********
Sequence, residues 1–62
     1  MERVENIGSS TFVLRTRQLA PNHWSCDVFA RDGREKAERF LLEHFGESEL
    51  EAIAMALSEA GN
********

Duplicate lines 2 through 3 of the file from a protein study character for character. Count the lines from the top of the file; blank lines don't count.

     1  MERVENIGSS TFVLRTRQLA PNHWSCDVFA RDGREKAERF LLEHFGESEL
    51  EAIAMALSEA GN